Concurrently I met Giovanni Luisetto, director of the library of the Saint Anthony Cathedral in Padua and the main student of Moretti. Luisetto was very famous in Padua for being a man of great culture and for his astonishing graphology skills. Thanks to this encounter, crucial for my life, I was able to enjoy the best preparation and become a recognised expert in the Moretti method.

What is the difference between the Moretti method and the other graphology methods? Why do you favour the Moretti one?

The beauty of the Moretti method is due to its psychological complexity, each sign refers to a specific intellectual quality, which is reflected in an individual’s behaviour. Moretti’s genius lies in his ability to decode the personality traits in 80 handwriting signs and through the decoding of these signs to identify the core structure of a person’s personality. Additionally this method allows the detection of trends or the early signs of progressive psychological problems such as depression or the inability to manage interpersonal relationships in the family, at school or at work.

You are the director of the Moretti graphology school of Padua, what types of courses do you provide and who are your pupils?

The school has been founded to meet the requests of people who, after visiting my website (3), asked to learn the Moretti’s method of graphology.
It is a three-year course for people who want to really know human nature and to see beyond appearances.
Among our students, who are normally over thirty, I recall psychologists, lawyers, teachers and people employed in various companies and in the technology industry.

You said that a degree in psychology should be part of a graphologist’s professional preparation. So, what about the students who follow graphology schools or courses without gaining a degree in psychology?

You are right, Alessandra, graphology classes are open to everybody, but for the students who have not gained a degree in psychology, I do not see the possibility to practice as professional graphologists in the short term, mainly due to the following reasons:
  • It’s necessary an extensive and specialized knowledge to correctly and fully understand the complexity of the human personality
  • Graphology requires a type of knowledge, which cannot be acquired without a consolidated practical experience of life and of highly complex human behaviour.
The training that is required to be a registered psychologist is long and complex, while people assume there are shortcuts for candidate professional graphologists. Therefore, the three-year graphology courses that promise an immediate professional solution, in reality they generate an inner blockage because students, though deeply fascinated by this discipline, realise by themselves that graphology is much more complicated than it looked like at the start…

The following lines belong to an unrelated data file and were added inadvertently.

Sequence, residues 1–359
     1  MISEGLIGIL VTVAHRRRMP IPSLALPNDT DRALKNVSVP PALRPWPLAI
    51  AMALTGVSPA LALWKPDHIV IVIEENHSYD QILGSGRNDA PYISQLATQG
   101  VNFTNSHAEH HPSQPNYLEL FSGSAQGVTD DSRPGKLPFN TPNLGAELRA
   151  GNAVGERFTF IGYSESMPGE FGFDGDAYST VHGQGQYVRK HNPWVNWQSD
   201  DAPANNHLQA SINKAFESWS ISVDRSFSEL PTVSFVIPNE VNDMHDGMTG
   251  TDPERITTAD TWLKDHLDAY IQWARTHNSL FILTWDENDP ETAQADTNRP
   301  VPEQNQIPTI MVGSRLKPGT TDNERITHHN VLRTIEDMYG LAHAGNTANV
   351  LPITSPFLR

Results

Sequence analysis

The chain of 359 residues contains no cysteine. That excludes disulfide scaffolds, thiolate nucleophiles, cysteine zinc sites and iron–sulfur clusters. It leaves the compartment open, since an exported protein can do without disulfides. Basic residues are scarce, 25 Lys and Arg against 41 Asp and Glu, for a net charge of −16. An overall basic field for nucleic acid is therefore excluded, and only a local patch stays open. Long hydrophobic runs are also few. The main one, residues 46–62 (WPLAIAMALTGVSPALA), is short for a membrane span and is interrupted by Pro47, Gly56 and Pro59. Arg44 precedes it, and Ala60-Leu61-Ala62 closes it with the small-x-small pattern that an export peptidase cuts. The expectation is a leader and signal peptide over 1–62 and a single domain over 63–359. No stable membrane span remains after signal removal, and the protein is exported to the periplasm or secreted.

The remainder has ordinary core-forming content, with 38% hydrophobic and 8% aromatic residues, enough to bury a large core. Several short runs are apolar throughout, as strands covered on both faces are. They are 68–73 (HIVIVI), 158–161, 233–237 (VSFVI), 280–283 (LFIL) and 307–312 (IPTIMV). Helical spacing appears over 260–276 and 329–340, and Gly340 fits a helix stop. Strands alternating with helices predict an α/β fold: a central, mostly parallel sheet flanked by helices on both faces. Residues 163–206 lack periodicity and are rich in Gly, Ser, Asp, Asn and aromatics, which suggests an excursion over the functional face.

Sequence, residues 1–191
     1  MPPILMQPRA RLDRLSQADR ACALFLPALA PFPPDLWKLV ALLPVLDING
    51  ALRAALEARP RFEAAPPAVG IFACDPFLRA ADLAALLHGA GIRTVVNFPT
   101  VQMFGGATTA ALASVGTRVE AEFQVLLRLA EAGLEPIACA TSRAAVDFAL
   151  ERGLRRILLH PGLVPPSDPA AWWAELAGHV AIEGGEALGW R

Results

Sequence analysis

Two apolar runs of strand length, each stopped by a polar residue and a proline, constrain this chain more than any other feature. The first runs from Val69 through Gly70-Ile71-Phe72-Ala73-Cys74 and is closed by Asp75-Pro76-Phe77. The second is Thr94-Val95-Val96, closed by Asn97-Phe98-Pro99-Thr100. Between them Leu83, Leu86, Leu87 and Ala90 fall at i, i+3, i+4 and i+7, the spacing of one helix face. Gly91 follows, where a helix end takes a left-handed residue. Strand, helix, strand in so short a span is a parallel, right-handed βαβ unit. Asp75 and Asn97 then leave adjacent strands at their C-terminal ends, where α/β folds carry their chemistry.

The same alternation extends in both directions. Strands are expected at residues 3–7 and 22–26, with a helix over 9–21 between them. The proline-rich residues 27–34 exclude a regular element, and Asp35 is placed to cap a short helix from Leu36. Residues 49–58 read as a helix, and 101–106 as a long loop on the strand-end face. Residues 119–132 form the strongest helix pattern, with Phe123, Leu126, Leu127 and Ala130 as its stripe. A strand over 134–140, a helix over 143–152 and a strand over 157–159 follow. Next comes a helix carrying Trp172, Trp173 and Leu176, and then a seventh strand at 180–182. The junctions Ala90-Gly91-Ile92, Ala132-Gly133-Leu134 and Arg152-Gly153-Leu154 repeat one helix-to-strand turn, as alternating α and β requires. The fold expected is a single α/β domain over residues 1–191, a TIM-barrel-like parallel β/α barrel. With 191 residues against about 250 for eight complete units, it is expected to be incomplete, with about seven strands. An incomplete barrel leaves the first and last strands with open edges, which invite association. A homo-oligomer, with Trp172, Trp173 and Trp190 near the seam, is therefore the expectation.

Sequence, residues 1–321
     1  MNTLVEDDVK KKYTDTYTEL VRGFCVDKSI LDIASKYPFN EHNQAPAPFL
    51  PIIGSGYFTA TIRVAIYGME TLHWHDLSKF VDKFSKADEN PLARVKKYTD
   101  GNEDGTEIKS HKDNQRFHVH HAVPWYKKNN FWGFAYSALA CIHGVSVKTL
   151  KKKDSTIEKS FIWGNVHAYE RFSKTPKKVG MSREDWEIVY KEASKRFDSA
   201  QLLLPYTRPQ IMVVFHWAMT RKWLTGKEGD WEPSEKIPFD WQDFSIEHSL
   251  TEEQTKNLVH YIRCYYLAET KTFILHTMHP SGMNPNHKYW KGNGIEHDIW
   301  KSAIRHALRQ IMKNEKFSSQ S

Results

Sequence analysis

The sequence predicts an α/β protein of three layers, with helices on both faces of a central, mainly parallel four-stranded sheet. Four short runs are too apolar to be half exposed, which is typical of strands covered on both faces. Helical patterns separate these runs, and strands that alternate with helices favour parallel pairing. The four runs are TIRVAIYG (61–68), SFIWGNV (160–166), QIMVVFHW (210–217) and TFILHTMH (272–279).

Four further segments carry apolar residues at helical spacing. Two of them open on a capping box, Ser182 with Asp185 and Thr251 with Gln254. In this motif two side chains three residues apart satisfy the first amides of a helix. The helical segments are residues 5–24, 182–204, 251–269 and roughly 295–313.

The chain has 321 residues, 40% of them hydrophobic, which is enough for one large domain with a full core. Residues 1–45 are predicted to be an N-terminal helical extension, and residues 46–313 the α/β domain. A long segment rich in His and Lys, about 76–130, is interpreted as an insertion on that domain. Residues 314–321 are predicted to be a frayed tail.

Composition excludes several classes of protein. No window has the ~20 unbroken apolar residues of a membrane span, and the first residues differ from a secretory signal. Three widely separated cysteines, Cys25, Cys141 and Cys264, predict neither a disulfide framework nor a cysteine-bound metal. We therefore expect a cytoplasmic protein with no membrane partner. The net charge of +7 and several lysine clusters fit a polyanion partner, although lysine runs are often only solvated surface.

What impact has graphology had in your life?

An enormous impact, because thanks to my knowledge of graphology, I learnt to see beyond appearances.
Luisetto wrote in one of his books “The scandal or the wonder of people towards other people’s behaviour is the measure of misery”: if we do not understand the other, then we are scandalized or we wonder about what the other does. On the contrary, if we have a mind able to go beyond appearance, we would understand the weakness or the genius of his/her personality, which drove him/her to do what he/she has done.
Let me make a practical but resounding example of what Moretti meant with “misery”: please see below a hand-writing sample by Eric Robert Rudolph (, the American terrorist, perpetrator of the Centennial Olympic Park bombing in Atlanta during the 1996 Summer Olympics, amongst other terrorist crimes in the States.

          Hand-writing di Eric Robert Rudolph, American terrorist

With this handwriting we can identify his state of psychological dispersion, in which his mental and emotional vacuum prevails. Then, for him the only way to show his presence in the world is a strong and explosive action. When we think of a terrorist, it’s natural to imagine a violent and aggressive individual, while in this case we find a person psychologically empty and dissociated. Of course understanding all this about this terrorist does not mean justifying his actions.

I have read and enjoyed some of your books; could you please share which topics you write about and what link they have with graphology.
Please share with us something about your beautiful book I “Why opposites attract each other and why likes understand each other?”

My books reflect my desire to share the graphology system created by Girolamo Moretti in order to highlight its areas of potential usage. For this reason I mention first my graphology manual (2012) (2), which suits graphology specialists and new beginners. Each chapter focuses on a specific dimensions of the psyche and it explains how each personality trait is analysed at graphological level (4).

After the manual I started to write books on specific topics, for example a book about love bonds and the book you have just mentioned. A typical example is related to the extroverts and the introverts: most people have some traits of an introvert and some of an extrovert, but only a few are total introverts. In a similar way only a few individuals are so attracted by the external world that they ignore their inner voice: they are the extroverts. Every love relationship follows this principle: the other attracts us because he/she represents a challenge to our own kind of being.